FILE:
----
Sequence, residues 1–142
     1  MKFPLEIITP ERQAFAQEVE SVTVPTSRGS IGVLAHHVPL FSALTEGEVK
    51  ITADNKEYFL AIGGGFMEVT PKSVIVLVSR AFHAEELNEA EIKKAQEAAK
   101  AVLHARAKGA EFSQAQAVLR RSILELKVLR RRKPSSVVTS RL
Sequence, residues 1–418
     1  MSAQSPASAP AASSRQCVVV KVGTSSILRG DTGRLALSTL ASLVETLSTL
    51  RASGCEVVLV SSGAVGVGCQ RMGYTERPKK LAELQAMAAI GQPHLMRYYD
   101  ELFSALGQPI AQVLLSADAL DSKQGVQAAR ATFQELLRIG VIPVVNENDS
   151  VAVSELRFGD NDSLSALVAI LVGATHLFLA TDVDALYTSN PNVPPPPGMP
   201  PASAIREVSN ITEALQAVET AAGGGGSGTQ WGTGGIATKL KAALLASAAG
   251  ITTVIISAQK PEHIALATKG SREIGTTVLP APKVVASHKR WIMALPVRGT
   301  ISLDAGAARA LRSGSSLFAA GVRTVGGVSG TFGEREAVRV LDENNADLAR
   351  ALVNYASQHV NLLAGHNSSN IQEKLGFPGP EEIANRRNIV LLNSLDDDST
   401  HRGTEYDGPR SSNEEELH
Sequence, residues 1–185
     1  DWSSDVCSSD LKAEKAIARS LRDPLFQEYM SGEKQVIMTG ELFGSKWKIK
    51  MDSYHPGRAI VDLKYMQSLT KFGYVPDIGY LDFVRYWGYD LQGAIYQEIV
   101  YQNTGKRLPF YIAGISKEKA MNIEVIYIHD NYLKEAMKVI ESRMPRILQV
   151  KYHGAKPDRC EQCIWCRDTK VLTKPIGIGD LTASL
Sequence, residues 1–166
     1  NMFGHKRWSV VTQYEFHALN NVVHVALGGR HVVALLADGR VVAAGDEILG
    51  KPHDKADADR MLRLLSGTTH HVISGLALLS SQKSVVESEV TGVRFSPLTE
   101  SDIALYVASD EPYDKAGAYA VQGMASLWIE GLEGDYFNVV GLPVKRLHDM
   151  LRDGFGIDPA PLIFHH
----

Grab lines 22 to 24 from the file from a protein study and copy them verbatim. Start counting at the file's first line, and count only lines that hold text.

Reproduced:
    51  KPHDKADADR MLRLLSGTTH HVISGLALLS SQKSVVESEV TGVRFSPLTE
   101  SDIALYVASD EPYDKAGAYA VQGMASLWIE GLEGDYFNVV GLPVKRLHDM
   151  LRDGFGIDPA PLIFHH